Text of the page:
Once you have completed the required forms and filed them with the court, the court will begin reviewing your case as soon as possible. You will also need to have a copy of the petition served on the respondent, either by law enforcement or by another qualified third party. Washington law requires that the respondent be served at least five court days before the scheduled hearing. Whoever serves the restrained person must complete a written proof of service to certify that the respondent received all of the required documents. The respondent has the right to prepare for and attend the hearing, where the judge will ask each party to present their viewpoints on whether to grant the DVPO request.

Attending the Hearing in King County Civil Court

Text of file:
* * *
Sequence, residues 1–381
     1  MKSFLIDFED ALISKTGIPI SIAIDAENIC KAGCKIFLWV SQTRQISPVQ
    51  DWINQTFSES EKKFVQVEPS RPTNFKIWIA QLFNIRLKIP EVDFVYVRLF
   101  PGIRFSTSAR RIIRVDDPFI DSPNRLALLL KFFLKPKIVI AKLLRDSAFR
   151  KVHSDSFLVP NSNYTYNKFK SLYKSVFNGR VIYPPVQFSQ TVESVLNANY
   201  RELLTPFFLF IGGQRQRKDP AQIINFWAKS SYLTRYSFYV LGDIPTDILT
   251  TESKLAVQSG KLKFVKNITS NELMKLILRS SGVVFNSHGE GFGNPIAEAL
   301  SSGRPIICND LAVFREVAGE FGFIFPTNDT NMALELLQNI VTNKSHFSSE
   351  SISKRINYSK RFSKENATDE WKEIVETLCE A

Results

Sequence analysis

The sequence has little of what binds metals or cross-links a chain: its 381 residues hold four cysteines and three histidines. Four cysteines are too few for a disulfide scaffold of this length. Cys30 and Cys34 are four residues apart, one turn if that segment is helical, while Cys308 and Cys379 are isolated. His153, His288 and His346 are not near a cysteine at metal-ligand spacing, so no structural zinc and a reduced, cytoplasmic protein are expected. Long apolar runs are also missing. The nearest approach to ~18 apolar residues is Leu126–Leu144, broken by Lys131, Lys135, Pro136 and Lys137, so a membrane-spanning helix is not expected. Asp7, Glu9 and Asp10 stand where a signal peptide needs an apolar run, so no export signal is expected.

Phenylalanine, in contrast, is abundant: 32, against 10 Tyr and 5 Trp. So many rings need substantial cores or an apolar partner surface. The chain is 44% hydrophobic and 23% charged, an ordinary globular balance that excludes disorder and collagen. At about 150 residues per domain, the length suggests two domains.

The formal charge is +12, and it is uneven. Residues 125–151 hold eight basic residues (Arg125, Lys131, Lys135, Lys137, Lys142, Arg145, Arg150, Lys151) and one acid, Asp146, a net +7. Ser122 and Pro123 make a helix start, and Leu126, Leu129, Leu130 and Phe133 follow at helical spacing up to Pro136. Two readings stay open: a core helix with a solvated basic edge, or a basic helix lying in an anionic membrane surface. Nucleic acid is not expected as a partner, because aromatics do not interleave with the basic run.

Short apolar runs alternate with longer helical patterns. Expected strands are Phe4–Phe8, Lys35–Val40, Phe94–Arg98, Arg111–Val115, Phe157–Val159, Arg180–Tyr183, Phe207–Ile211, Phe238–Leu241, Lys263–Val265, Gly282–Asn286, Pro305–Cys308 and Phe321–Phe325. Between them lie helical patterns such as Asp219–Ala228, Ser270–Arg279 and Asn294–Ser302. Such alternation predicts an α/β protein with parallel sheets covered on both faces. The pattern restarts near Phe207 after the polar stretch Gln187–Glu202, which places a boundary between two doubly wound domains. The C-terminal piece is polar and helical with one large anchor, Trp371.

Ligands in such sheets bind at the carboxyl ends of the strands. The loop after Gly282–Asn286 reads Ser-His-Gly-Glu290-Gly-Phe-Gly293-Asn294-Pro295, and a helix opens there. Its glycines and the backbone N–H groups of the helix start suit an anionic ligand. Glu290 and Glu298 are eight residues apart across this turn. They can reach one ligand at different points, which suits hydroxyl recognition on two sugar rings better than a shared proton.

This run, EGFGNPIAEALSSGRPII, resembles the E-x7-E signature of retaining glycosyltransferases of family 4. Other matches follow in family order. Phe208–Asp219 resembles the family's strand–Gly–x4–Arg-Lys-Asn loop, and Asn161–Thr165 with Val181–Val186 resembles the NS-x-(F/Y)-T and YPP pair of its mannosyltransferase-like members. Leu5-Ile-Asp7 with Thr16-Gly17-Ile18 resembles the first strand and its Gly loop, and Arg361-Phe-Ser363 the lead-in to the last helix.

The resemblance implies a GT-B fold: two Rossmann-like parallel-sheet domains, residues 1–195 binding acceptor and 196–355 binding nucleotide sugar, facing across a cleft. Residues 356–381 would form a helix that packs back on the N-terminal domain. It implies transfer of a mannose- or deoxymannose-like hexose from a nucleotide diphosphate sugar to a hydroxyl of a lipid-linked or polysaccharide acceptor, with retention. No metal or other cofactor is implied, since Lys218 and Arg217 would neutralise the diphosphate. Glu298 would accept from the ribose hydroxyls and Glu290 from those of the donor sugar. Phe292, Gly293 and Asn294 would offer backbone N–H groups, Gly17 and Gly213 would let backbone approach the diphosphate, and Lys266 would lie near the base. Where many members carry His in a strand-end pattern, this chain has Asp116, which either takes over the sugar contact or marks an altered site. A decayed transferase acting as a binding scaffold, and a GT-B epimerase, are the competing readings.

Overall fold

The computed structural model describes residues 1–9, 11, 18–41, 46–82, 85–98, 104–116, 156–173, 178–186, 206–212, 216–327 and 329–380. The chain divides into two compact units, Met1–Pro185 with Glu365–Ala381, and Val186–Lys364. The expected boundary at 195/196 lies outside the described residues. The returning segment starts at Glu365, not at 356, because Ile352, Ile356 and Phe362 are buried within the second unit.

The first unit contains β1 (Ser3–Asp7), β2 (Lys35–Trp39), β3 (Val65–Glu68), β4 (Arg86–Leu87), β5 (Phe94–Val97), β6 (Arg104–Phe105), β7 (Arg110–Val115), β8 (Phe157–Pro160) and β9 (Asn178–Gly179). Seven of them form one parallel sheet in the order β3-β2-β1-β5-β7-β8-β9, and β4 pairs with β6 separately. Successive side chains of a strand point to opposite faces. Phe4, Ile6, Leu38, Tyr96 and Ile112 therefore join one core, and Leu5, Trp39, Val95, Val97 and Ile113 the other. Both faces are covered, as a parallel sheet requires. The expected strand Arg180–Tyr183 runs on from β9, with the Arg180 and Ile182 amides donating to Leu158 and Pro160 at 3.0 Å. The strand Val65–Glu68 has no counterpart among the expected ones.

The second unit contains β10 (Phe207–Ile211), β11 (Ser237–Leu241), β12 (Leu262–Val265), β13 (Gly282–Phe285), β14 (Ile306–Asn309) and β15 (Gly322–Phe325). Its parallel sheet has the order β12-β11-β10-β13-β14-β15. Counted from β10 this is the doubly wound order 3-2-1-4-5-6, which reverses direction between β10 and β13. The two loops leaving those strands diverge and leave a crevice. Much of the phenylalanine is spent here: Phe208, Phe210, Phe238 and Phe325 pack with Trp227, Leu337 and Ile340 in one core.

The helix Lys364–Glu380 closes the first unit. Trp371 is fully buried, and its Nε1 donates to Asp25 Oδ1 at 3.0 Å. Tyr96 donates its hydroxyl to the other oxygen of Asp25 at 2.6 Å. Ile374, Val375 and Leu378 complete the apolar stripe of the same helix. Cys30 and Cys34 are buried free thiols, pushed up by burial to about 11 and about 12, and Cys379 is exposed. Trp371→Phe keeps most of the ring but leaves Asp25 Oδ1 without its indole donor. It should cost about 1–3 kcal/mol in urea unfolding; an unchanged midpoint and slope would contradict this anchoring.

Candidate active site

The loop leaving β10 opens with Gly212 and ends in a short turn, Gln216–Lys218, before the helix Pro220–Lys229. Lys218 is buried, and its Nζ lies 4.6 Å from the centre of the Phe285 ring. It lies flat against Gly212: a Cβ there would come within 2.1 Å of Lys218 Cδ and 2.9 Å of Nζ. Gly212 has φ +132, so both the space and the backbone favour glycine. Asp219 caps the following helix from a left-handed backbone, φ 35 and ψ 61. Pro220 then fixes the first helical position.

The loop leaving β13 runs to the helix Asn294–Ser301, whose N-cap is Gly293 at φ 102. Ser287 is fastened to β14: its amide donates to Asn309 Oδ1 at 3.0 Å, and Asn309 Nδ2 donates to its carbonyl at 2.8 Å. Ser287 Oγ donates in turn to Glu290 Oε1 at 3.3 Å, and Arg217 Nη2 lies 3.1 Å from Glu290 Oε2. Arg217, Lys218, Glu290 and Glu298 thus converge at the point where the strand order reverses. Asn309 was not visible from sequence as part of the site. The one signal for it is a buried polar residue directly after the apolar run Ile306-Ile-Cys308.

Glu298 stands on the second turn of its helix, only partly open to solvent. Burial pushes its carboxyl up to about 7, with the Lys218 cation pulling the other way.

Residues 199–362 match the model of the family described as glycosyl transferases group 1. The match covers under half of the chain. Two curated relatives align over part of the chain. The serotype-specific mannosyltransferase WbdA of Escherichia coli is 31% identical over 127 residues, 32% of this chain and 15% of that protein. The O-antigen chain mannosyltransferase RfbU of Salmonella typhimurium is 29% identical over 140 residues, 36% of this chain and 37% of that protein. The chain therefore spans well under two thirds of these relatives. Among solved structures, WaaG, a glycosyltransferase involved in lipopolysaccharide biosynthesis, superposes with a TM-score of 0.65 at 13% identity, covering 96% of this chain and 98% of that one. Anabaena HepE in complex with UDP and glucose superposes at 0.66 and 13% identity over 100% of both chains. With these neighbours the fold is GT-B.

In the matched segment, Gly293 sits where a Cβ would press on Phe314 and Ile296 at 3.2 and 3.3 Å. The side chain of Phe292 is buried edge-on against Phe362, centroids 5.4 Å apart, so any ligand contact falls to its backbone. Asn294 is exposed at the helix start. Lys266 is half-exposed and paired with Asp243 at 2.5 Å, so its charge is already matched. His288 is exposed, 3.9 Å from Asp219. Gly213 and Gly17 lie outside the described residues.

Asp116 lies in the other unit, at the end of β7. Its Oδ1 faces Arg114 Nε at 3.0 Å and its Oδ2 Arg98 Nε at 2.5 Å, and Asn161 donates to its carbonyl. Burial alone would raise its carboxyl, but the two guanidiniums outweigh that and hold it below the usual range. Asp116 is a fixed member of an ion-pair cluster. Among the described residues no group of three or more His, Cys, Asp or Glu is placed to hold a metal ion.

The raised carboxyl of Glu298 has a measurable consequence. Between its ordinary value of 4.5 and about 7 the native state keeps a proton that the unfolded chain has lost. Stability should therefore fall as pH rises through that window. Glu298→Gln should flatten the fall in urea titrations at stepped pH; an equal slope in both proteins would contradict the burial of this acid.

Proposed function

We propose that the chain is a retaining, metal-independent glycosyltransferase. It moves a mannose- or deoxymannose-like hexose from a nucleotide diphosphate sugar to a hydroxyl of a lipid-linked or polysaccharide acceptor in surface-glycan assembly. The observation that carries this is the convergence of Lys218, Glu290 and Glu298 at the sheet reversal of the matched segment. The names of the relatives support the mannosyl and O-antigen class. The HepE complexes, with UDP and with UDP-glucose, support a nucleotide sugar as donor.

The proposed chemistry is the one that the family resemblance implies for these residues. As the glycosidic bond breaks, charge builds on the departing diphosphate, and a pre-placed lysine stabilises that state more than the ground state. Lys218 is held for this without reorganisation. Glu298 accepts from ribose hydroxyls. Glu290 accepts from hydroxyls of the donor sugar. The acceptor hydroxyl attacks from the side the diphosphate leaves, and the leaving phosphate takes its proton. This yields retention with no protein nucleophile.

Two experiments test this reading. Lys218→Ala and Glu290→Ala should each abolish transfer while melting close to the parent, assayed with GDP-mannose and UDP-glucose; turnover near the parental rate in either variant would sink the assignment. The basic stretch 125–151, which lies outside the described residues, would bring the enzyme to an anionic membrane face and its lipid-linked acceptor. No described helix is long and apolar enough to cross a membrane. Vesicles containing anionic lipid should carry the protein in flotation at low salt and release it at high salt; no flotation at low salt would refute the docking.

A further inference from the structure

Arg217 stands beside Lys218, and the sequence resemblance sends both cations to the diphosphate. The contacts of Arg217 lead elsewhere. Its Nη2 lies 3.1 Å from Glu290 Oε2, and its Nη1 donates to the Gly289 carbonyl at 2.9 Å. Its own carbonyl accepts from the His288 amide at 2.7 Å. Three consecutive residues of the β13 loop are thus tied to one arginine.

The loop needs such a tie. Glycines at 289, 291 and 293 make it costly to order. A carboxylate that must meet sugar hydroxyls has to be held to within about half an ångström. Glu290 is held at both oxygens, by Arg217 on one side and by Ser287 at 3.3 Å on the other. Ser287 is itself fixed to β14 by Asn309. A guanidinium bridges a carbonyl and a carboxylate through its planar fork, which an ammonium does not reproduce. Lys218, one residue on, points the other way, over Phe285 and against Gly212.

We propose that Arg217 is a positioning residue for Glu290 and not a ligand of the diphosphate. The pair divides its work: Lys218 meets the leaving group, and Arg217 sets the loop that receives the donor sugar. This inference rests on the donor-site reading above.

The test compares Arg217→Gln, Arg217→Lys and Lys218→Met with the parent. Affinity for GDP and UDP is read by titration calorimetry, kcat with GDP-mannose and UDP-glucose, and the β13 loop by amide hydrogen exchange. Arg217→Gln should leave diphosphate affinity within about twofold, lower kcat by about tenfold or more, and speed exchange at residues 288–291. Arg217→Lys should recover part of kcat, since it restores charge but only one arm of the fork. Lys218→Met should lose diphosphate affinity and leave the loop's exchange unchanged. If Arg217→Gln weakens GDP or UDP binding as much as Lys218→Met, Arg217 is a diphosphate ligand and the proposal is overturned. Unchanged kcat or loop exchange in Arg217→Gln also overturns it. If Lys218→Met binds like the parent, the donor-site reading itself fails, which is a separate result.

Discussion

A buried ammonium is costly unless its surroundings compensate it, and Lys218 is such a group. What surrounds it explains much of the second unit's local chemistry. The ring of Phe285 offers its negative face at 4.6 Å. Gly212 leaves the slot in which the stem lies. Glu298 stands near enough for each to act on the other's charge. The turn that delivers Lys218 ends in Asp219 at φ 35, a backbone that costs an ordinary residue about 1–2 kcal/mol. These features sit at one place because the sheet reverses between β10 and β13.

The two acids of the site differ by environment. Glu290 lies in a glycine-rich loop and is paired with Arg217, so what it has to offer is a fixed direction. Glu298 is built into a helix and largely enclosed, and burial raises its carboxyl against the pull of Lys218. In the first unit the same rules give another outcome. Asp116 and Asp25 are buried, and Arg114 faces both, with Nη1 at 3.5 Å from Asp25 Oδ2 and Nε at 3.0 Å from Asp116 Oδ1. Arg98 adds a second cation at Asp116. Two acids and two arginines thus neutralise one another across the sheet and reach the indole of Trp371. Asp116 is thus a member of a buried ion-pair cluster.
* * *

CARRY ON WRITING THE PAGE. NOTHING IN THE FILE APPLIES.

Both parties have the right to attend the full hearing. If the petitioner does not appear in court, the judge will dismiss any existing temporary order, and the matter will not proceed. During the hearing, the judge will review the record, permit the parties to speak, review witness testimony (usually in the form of a written declaration describing what they saw or heard), consider the evidence presented by the parties, and issue its ruling. It’s important to recognize that the parties must provide advance copies of any evidence or witness declarations they plan to use at the hearing.

Tips For Presenting Your Case at the DVPO Court Hearing

Many survivors of domestic violence feel intimidated by the thought of attending the DVPO hearing in civil court. This is a perfectly natural reaction, especially if your abuser plans on attending the hearing to contest your petition. However, as anxious as you may be at this moment, you can trust that your caring and dedicated attorney will work closely with you to prepare you for this event. No matter how intimidating this experience may seem, your lawyer will work hard to support you and keep your future as bright as possible. Here are some strategies to help you prepare for an upcoming DVPO court hearing.